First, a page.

1. Well, I do agree with RR in that Dr Greger and his team are professionals hoping to reach a global audience, and as such, need no defending from Deb or anyone else for that matter.
            A professional team, sponsored by the public, can stand on it’s own to receive praise or criticism.. it goes with the territory, and needs no one to plaster the comment section in excessive defense.

            1. Sure but there’s no reason why Deb shouldn’t post her opinions There’s also.a world of difference between polite criticism and rude criticism.

              In any case, if RB is free to criticise others, others should be free to criticise him.

              I.found it faintly absurd that RR should object to Deb’s posts objecting to RB’s posts. especially when Deb’s posts were polite and respectful (and RB’s posts never have been). It’s OK for RB and RR to criticise others but not for Deb to do so?

              1. Fumbles, the way I have perceived it here and over the past few years is, when Deb reads something that she doesn’t like, she reacts by posting in great excess. Here it was 6 or 7 posts reacting to RB. Rudeness and bullying are in the eye of the beholder I guess. She is entitled to her opinions, but so are others.

                1. Barb, regarding your comment, ” Rudeness and bullying are in the eye of the beholder”.

                  Totally agree … what seems rude to some, doesn’t seem rude to others. It’s just human nature and the culture from which one comes.

                2. Yes but Deb overposts on everything. I don’t get the impression that Deb is singling out RB for special treatment here – it’s just Deb being Deb.

                  It just seemed to me that the argument was that RB should be free to criticise Dr G whenever he wants but no-one should be allowed to criticise RB for doing so. That’s how it appeared to me anyway …. but then I am so used to seeing Deb post 7 or 8 times on the same topic that it doesn’t seem at all unusual to me. I can understand that others might see it differently.though.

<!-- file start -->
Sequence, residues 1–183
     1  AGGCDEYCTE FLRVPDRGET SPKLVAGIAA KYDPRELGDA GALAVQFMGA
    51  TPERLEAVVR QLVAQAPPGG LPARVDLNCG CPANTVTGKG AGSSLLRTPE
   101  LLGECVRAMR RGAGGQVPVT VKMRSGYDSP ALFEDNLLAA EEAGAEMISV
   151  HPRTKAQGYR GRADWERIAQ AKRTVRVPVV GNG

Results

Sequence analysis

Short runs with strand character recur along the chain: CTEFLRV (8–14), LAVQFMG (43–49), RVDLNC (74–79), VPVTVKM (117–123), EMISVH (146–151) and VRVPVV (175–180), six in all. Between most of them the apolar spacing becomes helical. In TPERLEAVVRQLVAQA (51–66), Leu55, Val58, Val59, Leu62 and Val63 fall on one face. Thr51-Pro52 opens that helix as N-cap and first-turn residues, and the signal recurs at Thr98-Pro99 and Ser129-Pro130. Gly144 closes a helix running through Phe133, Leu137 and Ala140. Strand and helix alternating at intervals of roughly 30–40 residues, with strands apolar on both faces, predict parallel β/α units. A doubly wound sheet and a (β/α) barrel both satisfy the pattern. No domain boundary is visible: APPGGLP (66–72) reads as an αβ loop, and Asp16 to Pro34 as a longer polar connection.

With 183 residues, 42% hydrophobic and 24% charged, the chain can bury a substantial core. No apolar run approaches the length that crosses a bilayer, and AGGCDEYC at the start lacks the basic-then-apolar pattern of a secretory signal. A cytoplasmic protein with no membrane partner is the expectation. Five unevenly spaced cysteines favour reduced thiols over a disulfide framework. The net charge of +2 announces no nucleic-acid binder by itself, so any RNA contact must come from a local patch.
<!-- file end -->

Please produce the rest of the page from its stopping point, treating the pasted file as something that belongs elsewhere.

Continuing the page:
1. Tom,

                    You are a nice person.

                    I don’t mind RB sharing his opinions about topics at all.

                    I just don’t understand why he still regularly shows contempt for Dr Greger.

                    Other than that, I have no problem at all with RB.

                    I don’t understand what he has against Dr Greger.

                    1. Am I the only one who thinks that RB almost always puts Dr Greger down as if he feels Dr Greger shouldn’t be respected as a doctor?

                      It is different than criticizing specifics.

                      It is as if he doesn’t want anyone to respect the man behind this site and that doesn’t even make sense to me at all.

                      There wouldn’t even be a WFPB movement at all without 2 hands full of doctors and it is rare to see someone care about the movement and look down on one of those key doctors.

                    2. I guess I have wanted RB to see that there are reasons to respect Dr Greger and that if had his way of getting other people to join him in looking down on Dr Greger it would hurt the WFPB movement and it feels like RB cares about the way of eating.

                      This movement could go away, like Keto is again.

                      I don’t take that for granted.

                      I care more about the movement saving lives around the world and it rests on the shoulders of these doctors who stand up daily against billionaires who want things that will kill people all around the world.

                    3. The health of the world rests on the reputation of a few doctors.

                      Where I live, not one person I have ever met believes in the principles of WFPB.

                      It is because I watched Dr Greger’s hardest video and respected him that I heard this message at all.

                      My friends and family members pressure me to respect Dr Fung and Dr Berg more. There was a man at the PEMF community who contacted me every day to try to get me to not respect the doctors of this movement.